Basic bottles of bubbly might work for celebrating birthdays or promotions, but when it comes time to ring in the new year, you should make your champagne selection with care. With all the choices on store shelves though, making a purchase can be overwhelming. So, this year we asked savvy sommeliers around the country to share their favorite bubbly for toasts. Keep reading to see which bottles our experts will be popping at the stroke of midnight.
David Lynch: Owner/wine director at St. Vincent restaurant and wine shop in San Francisco
Bubbly of choice: A magnum ofSorelle Bronca Valdobbiadene Prosecco Superiore Extra Dry, non-vintage
Why he loves it: I’m a big magnum guy when it comes to celebration. I like everyone to share the same thing. It’s an impressive presentation, but you won’t break the bank.
Food pairing: Seafood—some fried stuff like a fritto misto—would be fun.
Ryanne Carrier: Sommelier at Sea Island Resort, Ga.
Bubbly of choice: Edmond Barnaut Brut Rosé Champagne Authentique, non-vintage
Why she loves it: It has such a beautiful expression of berry fruit; it’s a rosé Champagne that has red wine notes to it. It’s a bigger style with bigger structure and fuller body, and a more flavorful profile.
Food pairing: A rib-eye, medium rare—preferably the cap of the rib-eye so it’s really succulent and juicy. I’d serve it with a horseradish cream so the effervescence in the wine will carry that up even more so.
Sebastien Verrier: Sommelier at The St. Regis Bal Harbour Resort in Miami
Bubbly of choice: Krug Grande Cuvée Champagne, non-vintage
Why he loves it: What I love in Champagne is the butter-brioche-croissant character. The complexity and elegance of this wine is what I don’t find in other Champagnes. Six months ago I bought six bottles of Krug. My wife was not happy, but it’s an investment. I have so much pleasure when I open one of those bottles; it definitely makes my day.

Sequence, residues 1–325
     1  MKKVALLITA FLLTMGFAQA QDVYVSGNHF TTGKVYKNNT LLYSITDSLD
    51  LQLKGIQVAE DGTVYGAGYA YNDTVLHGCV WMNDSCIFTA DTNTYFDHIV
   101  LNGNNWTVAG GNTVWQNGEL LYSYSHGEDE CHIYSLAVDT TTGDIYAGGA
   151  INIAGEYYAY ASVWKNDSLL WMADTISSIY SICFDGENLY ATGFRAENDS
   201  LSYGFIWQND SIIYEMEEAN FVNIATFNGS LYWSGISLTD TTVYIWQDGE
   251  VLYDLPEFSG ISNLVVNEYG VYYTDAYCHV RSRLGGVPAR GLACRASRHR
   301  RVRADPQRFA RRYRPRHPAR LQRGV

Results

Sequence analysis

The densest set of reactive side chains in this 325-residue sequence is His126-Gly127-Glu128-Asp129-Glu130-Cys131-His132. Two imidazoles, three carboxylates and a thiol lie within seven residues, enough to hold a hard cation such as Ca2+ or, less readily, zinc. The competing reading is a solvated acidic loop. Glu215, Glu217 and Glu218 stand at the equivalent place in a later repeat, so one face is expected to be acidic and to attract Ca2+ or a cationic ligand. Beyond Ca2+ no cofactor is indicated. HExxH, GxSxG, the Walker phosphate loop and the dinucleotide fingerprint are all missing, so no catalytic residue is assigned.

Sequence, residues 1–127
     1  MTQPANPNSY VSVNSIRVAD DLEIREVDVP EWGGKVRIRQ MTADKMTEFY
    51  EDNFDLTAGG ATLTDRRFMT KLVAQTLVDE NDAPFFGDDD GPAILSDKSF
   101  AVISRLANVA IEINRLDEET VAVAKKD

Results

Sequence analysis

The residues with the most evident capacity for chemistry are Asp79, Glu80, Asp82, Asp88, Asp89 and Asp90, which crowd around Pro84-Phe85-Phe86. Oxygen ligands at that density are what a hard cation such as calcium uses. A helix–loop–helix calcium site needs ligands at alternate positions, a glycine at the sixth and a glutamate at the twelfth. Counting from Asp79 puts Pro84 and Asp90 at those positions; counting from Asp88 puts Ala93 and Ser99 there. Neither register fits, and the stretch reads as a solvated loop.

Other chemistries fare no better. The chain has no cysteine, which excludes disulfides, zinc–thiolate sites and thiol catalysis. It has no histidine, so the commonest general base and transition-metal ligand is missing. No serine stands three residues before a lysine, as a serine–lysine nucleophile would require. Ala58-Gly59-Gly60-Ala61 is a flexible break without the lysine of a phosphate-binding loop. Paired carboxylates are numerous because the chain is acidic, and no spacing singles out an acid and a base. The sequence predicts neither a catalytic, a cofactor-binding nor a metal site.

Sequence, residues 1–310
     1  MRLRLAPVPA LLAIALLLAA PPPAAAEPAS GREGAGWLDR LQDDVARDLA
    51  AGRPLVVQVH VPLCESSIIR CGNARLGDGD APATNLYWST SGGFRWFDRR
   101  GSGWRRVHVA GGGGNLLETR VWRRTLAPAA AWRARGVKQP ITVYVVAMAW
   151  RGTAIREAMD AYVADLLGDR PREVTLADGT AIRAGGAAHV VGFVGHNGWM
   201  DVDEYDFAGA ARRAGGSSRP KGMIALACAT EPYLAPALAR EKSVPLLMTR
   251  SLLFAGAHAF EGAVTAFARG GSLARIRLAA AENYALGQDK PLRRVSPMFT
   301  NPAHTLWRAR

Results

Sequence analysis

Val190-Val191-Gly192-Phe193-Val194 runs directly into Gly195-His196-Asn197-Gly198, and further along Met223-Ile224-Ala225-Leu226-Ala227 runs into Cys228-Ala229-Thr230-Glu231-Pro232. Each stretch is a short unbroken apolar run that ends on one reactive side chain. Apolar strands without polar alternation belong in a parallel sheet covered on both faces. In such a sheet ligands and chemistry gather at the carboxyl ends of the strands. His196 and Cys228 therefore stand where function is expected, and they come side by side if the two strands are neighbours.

Food pairing: You can have fun with some fresh stone crab or Kumamoto oysters; they’re clean, mineral and elegant.
Fernando Beteta: Master Sommelier; education director at Tenzing, a wine and spirits distributor in Chicago
Bubbly of choice: Alfred Gratien Brut Champagne Classique, non-vintage
Why he loves it: It’s a small producer that still ferments in oak barrels and lets the wines develop more richness. There’s a lot of terroir in that wine: It’s grown on 100 percent chalk soil from the Côte des Blancs and Montagne de Reims [regions in Champagne, France]. It has notes of candied citrus peel and honeysuckle, and white truffle mushroom notes you get from a wine grown in chalk soil.
Food pairing: Truffle pecorino (a sheep’s milk cheese) or truffled anything. It’s like crack with herbed lavash flatbread or any type of sautéed mushrooms.
Christopher Gaither: Lead sommelier at Forbes Travel Guide Four-Star Spruce restaurant in San Francisco
Bubbly of choice: Eric Bordelet Poiré Granit Cider
Why he loves it: The Poiré Granit comes from 300-year-old pear trees that are biodynamically grown [in Normandy, France]. It is so good and it’s only five to six percent alcohol. We’re talking bruised apple, candied pear and rock candy.Champagne is the bomb, but there are so many other styles of wine that have a high level of complexity that go underappreciated.
Food pairing: I would serve it with French fries to be honest. Or maybe beet chips and a little bit of goat yogurt and cracked black pepper. I can be a bit of a grazer.The Poiré Granit has a hint of sweetness, so it pairs well with many foods.
Photos Courtesy of Starwood Hotels and Resorts Worldwide